The Coronavirus Aid, Relief, and Economic Security Act (CARES Act) contains a temporary provision that provides tax-free status to employer-paid student loan repayment assistance programs (LRAPs).
Section 2206 of the compromise version of the CARES Act provides an exclusion from income for employer-paid student loan repayment assistance, but only through the end of 2020.
Payments of principal and/or interest by the employer to the employee or to the lender will be tax-free.
The tax-free status is implemented by expanding the definition of educational assistance in the exclusion from income for up to $5,250 in employer-paid educational assistance [26 USC 127].
Thus, employers may provide each employee with up to $5,250 a year in combined tuition and textbook assistance and student loan repayment assistance, tax-free. Most employer LRAPs provide employees with $100 per month in student loan repayment assistance, or $1,200 a year.
Borrowers can’t claim the student loan interest deduction based on a tax-free payment of student loan interest from their employer. But, employers can target their student loan repayment assistance just to principal, letting the employee pay the interest, thereby working around the “no double benefit” coordination restriction.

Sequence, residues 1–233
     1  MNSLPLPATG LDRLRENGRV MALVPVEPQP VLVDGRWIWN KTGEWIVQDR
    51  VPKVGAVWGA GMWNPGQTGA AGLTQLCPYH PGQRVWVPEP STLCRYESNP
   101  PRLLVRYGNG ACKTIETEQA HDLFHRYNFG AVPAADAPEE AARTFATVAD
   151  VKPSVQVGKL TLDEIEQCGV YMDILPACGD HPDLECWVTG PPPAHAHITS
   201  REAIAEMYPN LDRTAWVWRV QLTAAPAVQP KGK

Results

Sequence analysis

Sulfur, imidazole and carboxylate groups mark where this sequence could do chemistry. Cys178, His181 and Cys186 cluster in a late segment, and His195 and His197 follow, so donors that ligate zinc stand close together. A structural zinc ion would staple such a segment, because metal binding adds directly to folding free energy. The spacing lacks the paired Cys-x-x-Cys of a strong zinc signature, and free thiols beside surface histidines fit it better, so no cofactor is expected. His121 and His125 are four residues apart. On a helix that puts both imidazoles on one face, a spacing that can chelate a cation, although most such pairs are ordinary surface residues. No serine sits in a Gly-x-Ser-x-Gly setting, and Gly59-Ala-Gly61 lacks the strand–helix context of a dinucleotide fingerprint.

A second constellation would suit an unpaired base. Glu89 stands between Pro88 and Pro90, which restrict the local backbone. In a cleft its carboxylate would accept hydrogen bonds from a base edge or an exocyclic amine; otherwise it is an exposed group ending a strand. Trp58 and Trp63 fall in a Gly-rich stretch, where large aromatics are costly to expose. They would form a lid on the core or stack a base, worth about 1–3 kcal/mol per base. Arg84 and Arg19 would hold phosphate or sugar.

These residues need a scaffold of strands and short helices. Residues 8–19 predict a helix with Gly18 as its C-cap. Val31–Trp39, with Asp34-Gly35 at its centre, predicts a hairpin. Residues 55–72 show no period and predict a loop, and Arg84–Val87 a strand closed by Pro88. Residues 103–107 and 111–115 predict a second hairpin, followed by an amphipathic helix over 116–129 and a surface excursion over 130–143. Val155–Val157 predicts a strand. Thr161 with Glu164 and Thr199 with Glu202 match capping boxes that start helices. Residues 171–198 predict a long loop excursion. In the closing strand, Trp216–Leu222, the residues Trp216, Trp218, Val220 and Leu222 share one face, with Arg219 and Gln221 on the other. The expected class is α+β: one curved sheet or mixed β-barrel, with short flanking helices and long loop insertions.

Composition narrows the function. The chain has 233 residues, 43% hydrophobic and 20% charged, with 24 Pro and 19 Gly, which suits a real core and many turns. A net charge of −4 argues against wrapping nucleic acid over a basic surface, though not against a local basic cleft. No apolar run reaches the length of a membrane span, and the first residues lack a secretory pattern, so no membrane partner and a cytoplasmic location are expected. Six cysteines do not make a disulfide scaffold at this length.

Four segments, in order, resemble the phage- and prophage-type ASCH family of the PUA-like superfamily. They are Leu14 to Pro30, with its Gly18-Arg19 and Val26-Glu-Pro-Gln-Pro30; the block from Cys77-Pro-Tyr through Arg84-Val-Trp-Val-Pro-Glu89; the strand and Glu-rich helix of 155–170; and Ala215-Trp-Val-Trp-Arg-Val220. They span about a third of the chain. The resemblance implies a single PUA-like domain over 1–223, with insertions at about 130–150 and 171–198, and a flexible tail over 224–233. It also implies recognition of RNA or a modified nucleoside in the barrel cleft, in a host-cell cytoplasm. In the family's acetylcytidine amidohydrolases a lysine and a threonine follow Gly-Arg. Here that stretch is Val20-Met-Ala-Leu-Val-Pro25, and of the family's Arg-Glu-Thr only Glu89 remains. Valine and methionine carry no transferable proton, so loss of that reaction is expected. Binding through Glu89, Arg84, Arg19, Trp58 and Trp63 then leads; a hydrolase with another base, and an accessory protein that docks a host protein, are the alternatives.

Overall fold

According to the Society for Human Resource Management (SHRM), 8% of employers currently offer LRAPs. An additional quarter (24%) of employers are waiting for LRAPs to have tax-free status before they offer them to their employees. LRAPs are good employee recruiting and retention tools.
If enough employers offer LRAPs to their employees, there will be a lot of pressure on Congress to permanently extend the tax-free status of LRAPs beyond the January 1, 2021 expiration.
Chicago-based Abbott Labs allows employees to direct the 2% minimum they’d make to their company 401(k) plan into their student debt repayment plan. In turn, the employee would earn a 5% company match to be used as a 401(k) plan contribution.